Polk always commenced the contest buoyant with
hope. He invariably succeeded in inspiring his
friends with his own enthusiasm ; no obstacle could
deter him from an energetic discharge of his duty.
Subsisting upon the plainest food, and perfectly
1_- BIST OBI OF T 11 E
temperate in his habits, he accustomed himself to a
. system of diet, which alone could have sus-
tained liim in his political conflicts.
Hi- powers of endurance were taxed to their
utmost capacity dining his presidential career. Ele-
! to that responsible position at the age of
-nine, being younger l>\ several years than
either of hi- predecessors, he was determined to em-
all the resources of his intellect in the dis-
charge of hi- duties. His administration occurred
in times big with greal events, and his sound judg-
ment, and inflexibility of purpose, enabled him to
control them with unparalleled success.
The amiable and accomplished Mrs. Polk pre-
sided with -reat dignity and grace over the pre-
sidential mansion during the term of President
Polk All who approached her were warmly im-
I -• d with her unaffected affability of manner,
and probabl) uo lady ever occupied that position,
w ho left it w it h so many friends.
The prominent aspirants for the presidency in
1844, were Mr. Van Buren and Mr. Clay. The
tic part} were anxious to atone for the
Me defeai which \\\r\ sustained in 1840, and
whig* were determined to do justice to the
distinguished leader, who was the "embodiment"
their principles. These two gentlemen, either
1 thai Mr. Tyler had pressed the question
ition of Texas to the United States, to
his own prospects for the presidency, and
determined to frustrate his designs
b} t' ' In ir supporters to oppose that measure;
POLK ADMINISTRATION". 13
or they were honestly opposed to the consummation
of that event. And while a large majority of both
parties, at least in the slave-holding States, were
anxiously endeavoring to promote a union of the
two republics, and were taking prompt and decisive
steps to produce that result, they were astounded
by the publication of letters from Messrs. Clay and
Van Buren, in opposition to that measure.* The
attachment of the whig party to Mr. Clay proved
more powerful than their desire for the admission
* " In the future progress of events, it is probable that there will be a
voluntary or forcible separation of the British North American possessions
from the parent country. I am strongly inclined to think it will be best
for the happiness of all parties, that, in that event, they should be erected
into a separate and independent republic. With the Canadian republic
on one side, that of Texas on the other, and the United States, the friend
of both, between them, each could advance its own happiness by such
constitutions, laws, and measures, as were best adapted to its peculiar
" In conclusion, they [his objections to annexation] may be stated in a
few words to be, that I consider the annexation of Texas, at this time,
without the assent of Mexico, as a measure compromising the national
character, involving us certainly in a war with Mexico, probably with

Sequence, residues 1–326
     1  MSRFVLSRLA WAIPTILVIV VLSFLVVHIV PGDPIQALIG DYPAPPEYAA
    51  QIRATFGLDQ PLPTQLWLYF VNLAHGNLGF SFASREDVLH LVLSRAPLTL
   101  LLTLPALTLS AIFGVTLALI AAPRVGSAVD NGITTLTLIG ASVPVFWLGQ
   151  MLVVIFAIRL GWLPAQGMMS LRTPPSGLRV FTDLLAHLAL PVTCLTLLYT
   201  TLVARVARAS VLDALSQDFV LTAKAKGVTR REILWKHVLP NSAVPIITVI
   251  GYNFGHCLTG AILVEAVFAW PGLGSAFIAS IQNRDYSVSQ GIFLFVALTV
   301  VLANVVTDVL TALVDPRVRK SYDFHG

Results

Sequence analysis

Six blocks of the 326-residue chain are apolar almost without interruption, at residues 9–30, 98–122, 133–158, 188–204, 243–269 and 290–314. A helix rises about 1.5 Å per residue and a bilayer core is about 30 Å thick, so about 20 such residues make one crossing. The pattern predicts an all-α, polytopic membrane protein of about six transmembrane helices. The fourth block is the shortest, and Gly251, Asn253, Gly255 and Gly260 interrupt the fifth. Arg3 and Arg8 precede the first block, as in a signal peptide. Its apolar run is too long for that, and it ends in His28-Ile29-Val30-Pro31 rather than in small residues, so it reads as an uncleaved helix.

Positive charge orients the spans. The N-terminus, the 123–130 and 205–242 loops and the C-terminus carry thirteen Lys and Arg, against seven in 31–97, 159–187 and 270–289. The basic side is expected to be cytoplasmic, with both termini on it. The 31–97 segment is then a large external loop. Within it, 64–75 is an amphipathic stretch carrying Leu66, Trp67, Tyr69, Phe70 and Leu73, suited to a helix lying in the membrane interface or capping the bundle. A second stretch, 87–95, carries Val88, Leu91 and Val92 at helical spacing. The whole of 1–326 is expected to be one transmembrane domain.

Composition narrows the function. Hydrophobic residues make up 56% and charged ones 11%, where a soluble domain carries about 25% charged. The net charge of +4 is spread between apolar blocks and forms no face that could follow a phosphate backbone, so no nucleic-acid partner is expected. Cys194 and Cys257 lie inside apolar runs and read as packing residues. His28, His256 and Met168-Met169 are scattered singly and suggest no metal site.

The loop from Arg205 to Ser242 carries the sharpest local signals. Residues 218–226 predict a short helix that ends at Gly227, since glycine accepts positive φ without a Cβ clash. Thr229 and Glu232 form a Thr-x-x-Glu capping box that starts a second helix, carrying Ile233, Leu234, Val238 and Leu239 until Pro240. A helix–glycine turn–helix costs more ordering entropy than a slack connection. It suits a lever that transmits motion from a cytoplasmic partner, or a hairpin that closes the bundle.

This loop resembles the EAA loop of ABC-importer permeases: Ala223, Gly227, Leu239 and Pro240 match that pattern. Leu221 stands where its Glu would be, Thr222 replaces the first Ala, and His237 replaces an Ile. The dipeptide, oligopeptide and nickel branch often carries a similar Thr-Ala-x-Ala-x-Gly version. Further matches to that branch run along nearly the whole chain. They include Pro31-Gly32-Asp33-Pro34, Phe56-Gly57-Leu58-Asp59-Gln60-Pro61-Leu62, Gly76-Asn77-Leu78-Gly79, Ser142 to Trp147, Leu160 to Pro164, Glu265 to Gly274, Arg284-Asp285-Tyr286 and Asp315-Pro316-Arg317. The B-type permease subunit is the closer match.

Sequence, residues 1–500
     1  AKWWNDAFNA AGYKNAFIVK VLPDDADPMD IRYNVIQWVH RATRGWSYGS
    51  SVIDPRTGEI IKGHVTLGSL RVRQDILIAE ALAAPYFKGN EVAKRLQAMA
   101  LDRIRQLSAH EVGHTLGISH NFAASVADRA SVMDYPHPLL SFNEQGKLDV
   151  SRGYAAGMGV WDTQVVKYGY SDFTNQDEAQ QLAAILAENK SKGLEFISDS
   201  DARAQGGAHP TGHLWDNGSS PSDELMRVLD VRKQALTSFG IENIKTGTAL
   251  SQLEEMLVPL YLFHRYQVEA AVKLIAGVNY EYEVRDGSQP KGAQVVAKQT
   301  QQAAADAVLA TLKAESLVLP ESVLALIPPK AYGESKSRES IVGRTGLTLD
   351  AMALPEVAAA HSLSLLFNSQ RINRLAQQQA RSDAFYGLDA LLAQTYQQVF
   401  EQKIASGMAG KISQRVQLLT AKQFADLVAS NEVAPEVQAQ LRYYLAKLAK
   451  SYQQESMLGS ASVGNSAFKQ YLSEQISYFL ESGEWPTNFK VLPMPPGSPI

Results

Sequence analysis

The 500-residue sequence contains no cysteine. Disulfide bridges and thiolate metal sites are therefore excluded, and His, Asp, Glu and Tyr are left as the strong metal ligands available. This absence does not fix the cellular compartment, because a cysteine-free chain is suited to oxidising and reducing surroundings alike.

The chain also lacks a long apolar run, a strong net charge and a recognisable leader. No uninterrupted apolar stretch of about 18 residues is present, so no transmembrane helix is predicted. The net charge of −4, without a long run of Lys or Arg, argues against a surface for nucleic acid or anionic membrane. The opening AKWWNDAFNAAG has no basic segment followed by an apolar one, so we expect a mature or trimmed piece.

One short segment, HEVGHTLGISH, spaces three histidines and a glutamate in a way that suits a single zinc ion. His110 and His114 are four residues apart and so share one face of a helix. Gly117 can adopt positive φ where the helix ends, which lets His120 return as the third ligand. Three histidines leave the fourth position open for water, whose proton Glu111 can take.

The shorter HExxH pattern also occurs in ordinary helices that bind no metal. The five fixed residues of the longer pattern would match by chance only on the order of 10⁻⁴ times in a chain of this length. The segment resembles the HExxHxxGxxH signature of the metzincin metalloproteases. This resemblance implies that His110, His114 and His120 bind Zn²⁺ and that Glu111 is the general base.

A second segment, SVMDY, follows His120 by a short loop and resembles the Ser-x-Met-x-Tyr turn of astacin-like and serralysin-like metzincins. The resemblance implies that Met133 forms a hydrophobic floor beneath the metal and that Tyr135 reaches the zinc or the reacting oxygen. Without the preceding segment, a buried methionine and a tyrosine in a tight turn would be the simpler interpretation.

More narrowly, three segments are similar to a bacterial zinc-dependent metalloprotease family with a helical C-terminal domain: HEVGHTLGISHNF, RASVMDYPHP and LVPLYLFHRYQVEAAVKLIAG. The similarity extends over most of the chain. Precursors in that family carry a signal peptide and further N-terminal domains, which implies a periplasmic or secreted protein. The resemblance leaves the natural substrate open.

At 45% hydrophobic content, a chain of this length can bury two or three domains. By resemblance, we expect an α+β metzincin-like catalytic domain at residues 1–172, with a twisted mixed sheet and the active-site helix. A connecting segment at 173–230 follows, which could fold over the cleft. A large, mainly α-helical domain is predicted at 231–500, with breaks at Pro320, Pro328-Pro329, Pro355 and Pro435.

other foreign powers, dangerous to the integrity of the Union, inexpe-
dient in the present financial condition of the country, and not called for
by any general expression of public opinion." — Letter of Mr. Clay, May
" I by no means contend that a formal recognition of Texas by Mexico
is necessary to justify us in assenting to her annexation to the United
States. Time and circumstances may work such a change in the rela-
tions between these two countries as to rentier an act of that character
on the -part of Mexico unnecessary and unimportant. What I m^an to
say is, that, from all the information I have been able to obtain on the
subject, no change has yet taken place that would make the objections I
have here detailed inapplicable." — Letter of Mr. Van Buren, April 20,
1 [ || l BTO B V OF THE
of Texas into the Union; while the doctrines of
Mr. Van Buren, meeting with no sympathy from a
majority of the democratic party, resulted in Ins
defeat in the Baltimore Convention, and produced
the nomination of Mr. Polk. At the meeting of
that convention, the claim- of the latter gentleman
were alone pressed for the oilier of Vice President,
and it was <»nly when there was danger that vio-
and anarchy would produce a dissolution of
the body, that be was selected as the compromise
candidate* AJbout the same time the Whig Con-
■ The Baltimore Convention assembled on the 27th of May, 1844.
Mr. Hendricks U. Wright of Pennsylvania was appointed President,
vo-thirds rule was adopted by a vote of 148 to 116. This was re-
i tesl vote, the Van Buren men going in a mass against it.
first ballot resulted in the following vote : Van Buren, 146; Cass,
J ,bnson, 2 l ; Buchanan, I ; Woodbury, 2 ; Stuart, 1 ; Calhoun, 6.
dlot: Van Buren, 127: Cass, 94; Johnson, 33; Bu-
chanan. U ; Stuart. 1 : ( !alhoun, 1 .
! ballot: Van Buren, 121; Cass, 92; Johnson, 33 ; Buchanan,
11 ; Woobury, 2; Calhoun, -J.
rth ballot: Van Buren, ill ; Cass, 105; Johnson,32; Buchanan,
17; Ci Ihoun, l .
Fifth i ot: Van Buren, 103; Cass, 107; Johnson, 29 ; Buchanan,
• Van Buren, 101; Cass, 116; Johnson, 23 ; Buchanan,
nth ballot : Van Buren, 99; Cass, 123; Johnson, 21 ; Buchanan,
1 lalhoun 1.
Tic ii ■' now became intense, and disorder and confusion
now made to establish the majority rule, hut failed; 118
i igain i On Wednesday the Convention again met.
E Van Buren, 104; Cass, ill; Buchanan, 2; Polk, 44;
' in, 2.
Polk, whole number of votes, 266.
nominated fur the Vice Presidency, but declined
POLK ADMINISTRATION. 15
vention, with great unanimity and enthusiasm, nomi-
nated Mr. Clay, and thus the two aspirants were
placed before the American people. Accusations
were made by each party against the other, of un-